The movie writers for The Guardian have been on a racial kick lately, dropping an unexpected bomb of a review on Rocky Balboa, accusing it of being loaded down with subliminal messages intended for white audiences -- like, for example, that it's remotely possible for a 60-year old white fighter to go the distance with a black champion in his prime. Now, in a piece entitled Heal The World, writer Steve Rose is casting a satirical eye on Hollywood's supposed discovery of the world outside our borders, as evidenced by the slew of recent films like Blood Diamond, Babel, The Constant Gardener and Syriana.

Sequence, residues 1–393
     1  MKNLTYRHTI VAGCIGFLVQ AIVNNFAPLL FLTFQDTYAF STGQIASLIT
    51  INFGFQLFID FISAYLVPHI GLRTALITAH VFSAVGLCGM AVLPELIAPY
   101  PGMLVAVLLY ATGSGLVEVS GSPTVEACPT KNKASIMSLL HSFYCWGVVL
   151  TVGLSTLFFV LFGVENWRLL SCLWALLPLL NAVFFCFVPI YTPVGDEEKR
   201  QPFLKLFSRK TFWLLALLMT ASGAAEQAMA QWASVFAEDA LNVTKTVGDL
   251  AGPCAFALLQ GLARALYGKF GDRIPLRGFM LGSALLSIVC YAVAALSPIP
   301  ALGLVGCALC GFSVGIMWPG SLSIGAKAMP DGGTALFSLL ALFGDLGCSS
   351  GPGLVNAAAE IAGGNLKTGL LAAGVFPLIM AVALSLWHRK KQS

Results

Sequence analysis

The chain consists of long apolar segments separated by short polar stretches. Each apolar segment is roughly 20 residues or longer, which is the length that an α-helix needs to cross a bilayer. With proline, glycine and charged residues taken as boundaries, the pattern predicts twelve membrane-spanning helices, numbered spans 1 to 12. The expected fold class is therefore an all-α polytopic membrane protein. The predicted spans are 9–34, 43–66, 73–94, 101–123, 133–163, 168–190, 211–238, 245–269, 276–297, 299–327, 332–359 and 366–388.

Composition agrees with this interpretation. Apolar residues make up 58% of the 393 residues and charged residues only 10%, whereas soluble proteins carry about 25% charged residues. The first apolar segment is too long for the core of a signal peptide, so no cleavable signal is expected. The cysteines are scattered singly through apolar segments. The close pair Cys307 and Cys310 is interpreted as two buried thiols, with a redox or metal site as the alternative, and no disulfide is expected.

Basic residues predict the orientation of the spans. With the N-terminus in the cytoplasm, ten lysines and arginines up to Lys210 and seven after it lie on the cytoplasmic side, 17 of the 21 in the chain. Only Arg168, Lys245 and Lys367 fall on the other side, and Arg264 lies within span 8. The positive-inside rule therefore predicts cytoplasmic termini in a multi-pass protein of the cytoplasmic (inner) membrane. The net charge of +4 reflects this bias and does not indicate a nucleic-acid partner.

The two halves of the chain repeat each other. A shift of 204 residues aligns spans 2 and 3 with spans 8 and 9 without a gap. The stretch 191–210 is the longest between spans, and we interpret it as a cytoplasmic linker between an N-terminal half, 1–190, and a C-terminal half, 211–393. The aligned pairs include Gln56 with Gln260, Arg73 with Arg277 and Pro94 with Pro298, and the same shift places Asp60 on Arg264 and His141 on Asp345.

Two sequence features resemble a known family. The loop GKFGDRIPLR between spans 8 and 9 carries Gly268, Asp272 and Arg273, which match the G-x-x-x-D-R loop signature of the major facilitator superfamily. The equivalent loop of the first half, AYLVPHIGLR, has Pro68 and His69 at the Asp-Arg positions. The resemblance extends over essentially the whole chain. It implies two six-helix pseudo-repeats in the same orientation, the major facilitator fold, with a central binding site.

Rose's "guide to the best issue-drama cliches," includes such subsections as "White Man's Justice," which mocks aggressive PR campaigns like the one waged by Blood Diamond. According to Rose, campagins like that one exist primarily so that "Blood Diamond's website can brandish links to respectable institutions like Amnesty International." Another section of the guide, called "The Caucasian Angel," jabs at the notion that wherever there is "dark-skinned human suffering," a "smokin' hot white woman" must be dropped into the situation so that she can commence with "carrying the conscience of the Western world on her shoulders." This section of the piece closes by taking a swipe at Angelina Jolie for being "browned up" in her forthcoming film, A Mighty Heart.